Student set on record

SIMON BLOOMBERG
Last updated 15:00 29/11/2012
Phil Amberger
SIMON BLOOMBERG/FAIRFAX NZ
CLOSE LINKS: Salisbury School student Billie Wells, middle, and her friends Allie Hemara Glasgow, left, and Alisha Flynn with some of the paper chain Billie has been making for Sunday’s fair

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Salisbury School student Billie Wells has not only made giant strides in her learning and social development since attending the Richmond residential girls' school, she may also graduate with a world record.

When Billie first came to Salisbury from the West Coast last year she was shy and struggling to cope with life after the death of her father. The 16-year-old is slowly coming out of her shell and is on the way to making a successful transition back into the mainstream of society.

Billie is also well on the way to competing a record-breaking giant paper chain for the school's fair this Sunday. She hopes to break the world record of 327.1 metres set in 2006 and at the same time help raise funds for the school by collecting a gold donation from people to have their name inscribed, or business card attached, to the chain.

Billie said the chain was more than just paper because it represented the close links the Richmond school had with the community. She had already made 150m of chain and was confident she would reach her target of 327m. She wanted to dedicate the world record to her father.

Deputy principal Stephen Evans said he talked to Billie about making the chain because it would challenge her reach a goal. Stephen said Billie "was really happy to help the school fair", launching herself into the task so enthusiastically that she woke up at 6am last Sunday to make more chains.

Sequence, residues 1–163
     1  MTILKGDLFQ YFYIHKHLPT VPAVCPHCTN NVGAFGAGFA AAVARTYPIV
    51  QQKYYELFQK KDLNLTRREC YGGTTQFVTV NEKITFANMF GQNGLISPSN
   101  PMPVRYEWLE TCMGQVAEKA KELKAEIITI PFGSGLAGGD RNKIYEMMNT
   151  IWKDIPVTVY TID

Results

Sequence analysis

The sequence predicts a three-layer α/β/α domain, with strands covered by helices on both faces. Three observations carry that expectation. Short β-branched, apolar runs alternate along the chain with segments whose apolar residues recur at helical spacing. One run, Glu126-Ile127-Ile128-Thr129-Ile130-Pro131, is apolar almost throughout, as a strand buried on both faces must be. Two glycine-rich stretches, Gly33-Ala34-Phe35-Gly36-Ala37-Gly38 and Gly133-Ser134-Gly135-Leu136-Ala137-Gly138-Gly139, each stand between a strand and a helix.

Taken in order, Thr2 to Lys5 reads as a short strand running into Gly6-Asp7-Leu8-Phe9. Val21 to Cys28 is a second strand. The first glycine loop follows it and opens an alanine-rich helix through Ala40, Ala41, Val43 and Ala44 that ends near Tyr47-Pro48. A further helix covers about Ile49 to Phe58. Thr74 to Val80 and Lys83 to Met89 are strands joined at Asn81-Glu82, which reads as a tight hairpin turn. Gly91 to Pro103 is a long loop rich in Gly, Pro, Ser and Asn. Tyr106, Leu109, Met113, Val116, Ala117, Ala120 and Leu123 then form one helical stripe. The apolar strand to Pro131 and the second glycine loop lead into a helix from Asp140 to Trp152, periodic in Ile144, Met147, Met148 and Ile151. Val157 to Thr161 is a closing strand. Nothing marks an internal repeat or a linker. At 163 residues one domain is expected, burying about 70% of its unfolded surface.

"She got up early in the weekend and was working away so hard that the clicking of the stapler woke up her roommates. It's really helping her develop her self-confidence and self-belief."

Stephen said Billie was "a real success story for the school", because she had made such good progress. He was concerned all the good work would be lost if the school was forced to close next month.

"When she came in here, she had her head down and didn't talk to people," Stephen said. "Now she has some good friends and has improved academically.

"But she still has some way to go and I'm worried that if she goes home now she'll just sit around playing on the Xbox and watching television. If Billie had another year she could turn the corner but she may not get the chance to do that now.

"When she leaves here we want her to be able to make the transition back into the community. We want to build her resilience and increase the chances of her being a lifelong learner."

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Stephen said Sunday's fair was being held to raise funds for Salisbury School's legal fight against its closure, which was to go to court this week. The school had already received "fantastic" support from community and he hoped people would continue that support by attending the fair.

Stephen said the fair would feature live entertainment, food and craft stalls, a boutique cafe situated among the rose gardens, a beauty salon, trash and treasure stall and plenty of fun and games for the children - and of course Billie's giant paper chain.

DETAILS

What: Salisbury School Fair.

Where: Salisbury School, 67 Salisbury Rd, Richmond.

When: Sunday, December 2, 3pm till 6pm.

- Nelson

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